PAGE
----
Nokia Corp. has announced that the Chinese anti-trust authorities have approved the sale of its devices and services division to Microsoft Corp. Essentially, this means that the transaction between the two companies is complete as by now the two were authorized by the majority of the world’s regulators.
Nokia and Microsoft have now received regulatory approvals from the People’s Republic of China, the European Commission, the U.S. Department of Justice and numerous other jurisdictions. Nokia and Microsoft expect the transaction to close during April 2014, as previously announced.
Since Nokia and Microsoft own a lot of standard-essential patents that cover both mobile technologies and operating systems in general, many anti-trust regulators were concerned that Microsoft would obtain a set of intellectual property that would allow it to have too significant influence on the market. Moreover, since Nokia will keep a lot of patents, many were concerned that it would become a patent troll. Nonetheless, no authority has confronted Nokia’s compliance with its FRAND accomplishments related to standard-essential patents (licensing on fair, reasonable and non-discriminatory terms) or requested Nokia to change its licensing program or royalty terms.
After acquisition of Nokia, Microsoft intends to continue to make smartphones under Lumia brand. The situation with the Nokia name is a little trickier, Nokia’s current handset division will continue to sell mobile phones not based on Windows Phone (after it becomes a part of Microsoft) and those devices will carry Nokia brand on them. Nonetheless, it is clear that feature-phones will extinct in several years, whereas the future of Google Android-based Nokia X smartphones is uncertain.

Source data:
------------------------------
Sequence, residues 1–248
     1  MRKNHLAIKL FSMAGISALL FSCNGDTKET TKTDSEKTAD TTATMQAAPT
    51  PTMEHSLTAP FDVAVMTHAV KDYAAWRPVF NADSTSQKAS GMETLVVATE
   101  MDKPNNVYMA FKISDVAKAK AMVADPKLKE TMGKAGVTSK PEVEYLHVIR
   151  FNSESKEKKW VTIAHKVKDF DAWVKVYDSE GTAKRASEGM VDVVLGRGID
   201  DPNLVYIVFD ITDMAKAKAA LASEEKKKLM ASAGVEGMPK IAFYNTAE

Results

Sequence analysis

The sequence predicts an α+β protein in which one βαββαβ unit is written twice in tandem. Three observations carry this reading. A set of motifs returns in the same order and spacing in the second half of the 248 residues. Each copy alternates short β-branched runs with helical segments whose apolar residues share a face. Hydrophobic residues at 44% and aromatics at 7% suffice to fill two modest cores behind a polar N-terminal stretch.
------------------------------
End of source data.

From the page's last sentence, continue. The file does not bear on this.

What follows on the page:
As a result, it is possible that in the short-term future nothing will change and there will be Nokia Lumia, Nokia Asha, Nokia X and other Nokia-branded devices on the market. However, going forward Microsoft might simply rebrand Nokia Lumia to Microsoft Lumia and discontinue Asha, X as well as feature phones. Consequently, Nokia brand will extinct from the market of consumer telecommunication devices.
The Redmond, Washington-based software company yet has to reveal its official mid-term and long-term trademark-related plans.
KitGuru Says: It will be a little sad to see Nokia smartphones and mobile phones gone, but that’s life. Perhaps, the Espoo, Finland-based company will re-emerge on the market with different types of products, but those will not be handsets as we know them today.